Redefining the conventional definition of ‘success’

Zack McDonald-Ryan

What exactly is the true meaning of success? When did it become the cornerstone of a life well lived?

“Success: (noun) – the fact of getting or achieving wealth, respect, or fame.” This immediate result of my Google search doesn’t sit well with me.

My issue lies in the fact that not one of the ten words in that definition was “happiness.” Although I’d like to believe that Webster’s definition is simply outdated, I feel as though the world at large still shares a similar view. It is consistently evident that decisions we make every day are based off of conscious (or unconscious) desires to attain some jaded form of success which will ultimately make our lives comfortable and happy. What’s the difference, right?


Coming from a place as affluent as Marin, it can be easy to imagine such a conventional version of success. There is a whole lot you can do with an endless number of opportunities at your disposal. Many teens are raised in families with parents who fit this image of conventional success and that image is then projected onto them: an ocean view, good schools, Whole Foods galore, and maybe a couple new cars—such comfort, such style! It’s probably worth stifling a few dreams and gritting your teeth through the better part of your youth to the point that you will end up spending a lump sum (that you rightfully earned!) on a night guard to keep you from permanently damaging your jaw while you sleep. “Success!” you think to yourself. “This is what I have been waiting for.”

That is, of course, only a stereotype, though a stereotype that rings true for many nevertheless. And it’s not isolated to Marin alone. The idea of “The American Dream” has been twisted and contorted into an ideal existence riddled with consumerist behaviors and a basis of happiness founded in others’ perceptions of us. A lifetime is now only quantified by some sort of legacy.

We could blame the media for so relentlessly corrupting us into believing that it is necessary for us to look or act a certain way, to be friends with pretty people, and own nice things that declare that we are, in fact, something to talk about. We could do that, but I haven’t really been in the mood for excuses lately. I like to believe that I can think well enough for myself to decipher between acting for myself and acting for some other reason. I’d also like to believe that there are others out there who can do the same. Disappointingly, those people can be hard to come across among both kids and adults alike.

I recently heard a musician address the concept of achieving success as wandering through an expanse of tundra, cold and unhappy, until you spot a glow in the distance. As you approach, you find that the glow is emanating from a flaming heap of garbage. Getting closer still, you begin to feel the warmth wash over you and draw you into its comforts. Then, just as you are becoming warm and joyful, you begin to realize just how repulsing and overbearing the smell of burning garbage is. So you turn your back and set off back into the tundra.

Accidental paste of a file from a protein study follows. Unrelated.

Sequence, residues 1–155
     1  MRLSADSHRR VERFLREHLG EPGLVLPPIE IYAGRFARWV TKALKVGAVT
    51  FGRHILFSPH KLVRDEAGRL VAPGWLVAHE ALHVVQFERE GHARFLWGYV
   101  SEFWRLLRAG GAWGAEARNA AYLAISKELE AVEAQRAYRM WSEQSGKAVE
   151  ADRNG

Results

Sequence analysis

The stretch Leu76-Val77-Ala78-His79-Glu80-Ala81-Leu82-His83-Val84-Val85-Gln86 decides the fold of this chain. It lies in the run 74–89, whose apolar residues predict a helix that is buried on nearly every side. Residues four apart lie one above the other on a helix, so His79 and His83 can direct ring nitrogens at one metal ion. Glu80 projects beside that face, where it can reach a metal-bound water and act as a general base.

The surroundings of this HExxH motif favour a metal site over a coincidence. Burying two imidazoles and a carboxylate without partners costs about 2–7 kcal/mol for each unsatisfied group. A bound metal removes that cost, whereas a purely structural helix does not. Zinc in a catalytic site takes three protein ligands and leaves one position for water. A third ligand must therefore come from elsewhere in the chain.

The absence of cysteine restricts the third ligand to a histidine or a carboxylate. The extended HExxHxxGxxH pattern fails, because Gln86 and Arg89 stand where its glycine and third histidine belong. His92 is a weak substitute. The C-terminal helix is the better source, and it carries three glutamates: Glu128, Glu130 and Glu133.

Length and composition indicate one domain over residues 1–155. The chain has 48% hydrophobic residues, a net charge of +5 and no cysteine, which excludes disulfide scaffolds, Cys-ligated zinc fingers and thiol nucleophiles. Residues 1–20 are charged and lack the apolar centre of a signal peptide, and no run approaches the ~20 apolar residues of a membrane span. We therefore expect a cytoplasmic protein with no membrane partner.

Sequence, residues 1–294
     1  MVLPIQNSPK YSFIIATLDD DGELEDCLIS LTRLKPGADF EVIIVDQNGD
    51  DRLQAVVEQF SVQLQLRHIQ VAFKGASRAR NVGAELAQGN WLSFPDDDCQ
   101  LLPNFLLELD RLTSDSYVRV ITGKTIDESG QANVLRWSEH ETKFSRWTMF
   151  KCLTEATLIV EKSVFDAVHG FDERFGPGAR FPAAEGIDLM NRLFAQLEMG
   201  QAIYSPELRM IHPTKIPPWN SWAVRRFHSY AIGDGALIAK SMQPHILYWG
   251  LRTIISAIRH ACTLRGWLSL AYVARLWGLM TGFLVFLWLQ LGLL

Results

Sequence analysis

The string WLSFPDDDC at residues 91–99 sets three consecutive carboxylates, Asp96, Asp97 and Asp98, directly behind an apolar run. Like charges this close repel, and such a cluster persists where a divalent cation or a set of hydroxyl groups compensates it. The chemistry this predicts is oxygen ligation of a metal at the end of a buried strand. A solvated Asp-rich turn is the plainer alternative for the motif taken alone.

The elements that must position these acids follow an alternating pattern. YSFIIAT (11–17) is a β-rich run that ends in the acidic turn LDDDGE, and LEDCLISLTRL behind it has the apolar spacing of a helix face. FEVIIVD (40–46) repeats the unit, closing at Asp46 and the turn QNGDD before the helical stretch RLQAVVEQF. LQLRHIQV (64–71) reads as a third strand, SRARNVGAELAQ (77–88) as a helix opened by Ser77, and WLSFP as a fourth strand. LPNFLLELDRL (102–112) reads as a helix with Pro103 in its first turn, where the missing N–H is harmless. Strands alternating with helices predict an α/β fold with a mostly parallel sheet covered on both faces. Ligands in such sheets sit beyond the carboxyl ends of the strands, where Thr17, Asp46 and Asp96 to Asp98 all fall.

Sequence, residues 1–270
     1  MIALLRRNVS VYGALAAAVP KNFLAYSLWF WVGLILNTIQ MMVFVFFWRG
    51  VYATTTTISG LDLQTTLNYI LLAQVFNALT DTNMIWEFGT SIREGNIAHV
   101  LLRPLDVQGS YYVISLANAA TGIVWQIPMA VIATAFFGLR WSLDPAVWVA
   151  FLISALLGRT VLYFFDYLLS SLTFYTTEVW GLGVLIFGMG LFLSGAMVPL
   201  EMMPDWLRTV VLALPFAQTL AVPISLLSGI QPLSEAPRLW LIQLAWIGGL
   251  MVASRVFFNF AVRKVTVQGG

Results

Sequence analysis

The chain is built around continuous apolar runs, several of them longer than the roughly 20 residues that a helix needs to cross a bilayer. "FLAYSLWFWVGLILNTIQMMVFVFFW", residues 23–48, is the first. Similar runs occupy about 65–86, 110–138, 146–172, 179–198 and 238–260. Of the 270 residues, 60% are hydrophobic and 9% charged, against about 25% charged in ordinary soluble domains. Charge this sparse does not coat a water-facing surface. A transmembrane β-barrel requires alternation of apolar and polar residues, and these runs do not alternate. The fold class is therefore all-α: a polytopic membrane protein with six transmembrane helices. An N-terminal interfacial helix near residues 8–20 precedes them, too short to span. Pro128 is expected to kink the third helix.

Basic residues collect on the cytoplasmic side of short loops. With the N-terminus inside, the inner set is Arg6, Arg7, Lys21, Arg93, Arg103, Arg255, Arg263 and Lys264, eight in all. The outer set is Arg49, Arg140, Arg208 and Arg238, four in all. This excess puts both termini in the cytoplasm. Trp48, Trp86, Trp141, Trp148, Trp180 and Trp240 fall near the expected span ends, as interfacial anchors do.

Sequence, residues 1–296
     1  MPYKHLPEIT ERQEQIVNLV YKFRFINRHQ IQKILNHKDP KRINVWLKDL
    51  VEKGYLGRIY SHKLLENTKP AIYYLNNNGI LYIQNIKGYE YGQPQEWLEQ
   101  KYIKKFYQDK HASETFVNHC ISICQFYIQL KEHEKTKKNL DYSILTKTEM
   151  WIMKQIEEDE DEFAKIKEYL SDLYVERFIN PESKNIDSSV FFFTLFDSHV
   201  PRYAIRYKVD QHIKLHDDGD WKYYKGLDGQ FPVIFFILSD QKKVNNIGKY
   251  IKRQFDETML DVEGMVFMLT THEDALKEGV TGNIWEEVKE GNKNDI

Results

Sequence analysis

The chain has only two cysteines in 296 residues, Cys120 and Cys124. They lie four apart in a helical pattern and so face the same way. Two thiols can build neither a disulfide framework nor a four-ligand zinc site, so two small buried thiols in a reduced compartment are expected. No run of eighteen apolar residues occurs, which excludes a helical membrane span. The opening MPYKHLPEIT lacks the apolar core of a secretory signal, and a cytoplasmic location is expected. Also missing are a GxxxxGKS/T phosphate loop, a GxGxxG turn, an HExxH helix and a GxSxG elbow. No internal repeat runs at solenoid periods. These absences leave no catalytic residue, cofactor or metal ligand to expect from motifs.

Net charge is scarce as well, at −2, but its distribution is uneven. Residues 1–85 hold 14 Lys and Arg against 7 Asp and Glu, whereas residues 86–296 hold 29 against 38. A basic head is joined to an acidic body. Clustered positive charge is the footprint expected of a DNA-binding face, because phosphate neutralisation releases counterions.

The key point of the sentiment for me is the turning of the back on what should be certain happiness. That’s wonderful for you if you believe that a sure thing is truly a sure thing and that stability is the most important aspect in life.

But really, what is stature or wealth or dispensable knowledge when it is accompanied by a gnawing restlessness? Why harbor regret or uncertainty? Why be so goddamn boring?

To be fair, I myself have only been around for 17 years. I haven’t lived on my own yet. I’m only truly passionate about such profitable career opportunities as music and writing. I am just hoping that something will go wrong with my parents’ refrigerator so at least I’ll have a decent sized cardboard box waiting for me when I get out of college. Who knows what will happen if some higher power decides to smile upon me and I am granted an opportunity to attain some unimaginable fortune at the expense of something I love.

It bothers me to think of all the ways to be extraordinary that are ignored by so many people in exchange for something lesser than. What about true love and passion, creativity and expression? I know that those things abound infinitely just waiting to be discovered and cherished. I just worry that that those things don’t fit into enough people’s definition of success.

So as I sit measuring the length of my feet, word by word, in an attempt to properly fill the shoes of this romantic, righteous wanderer I can so vividly imagine today, I think of my own definition of success. I imagine someone—at least one person—who is getting just where they want to be, remembering why it is they took the road they did but not its name. They won’t ever need to find their way back down it.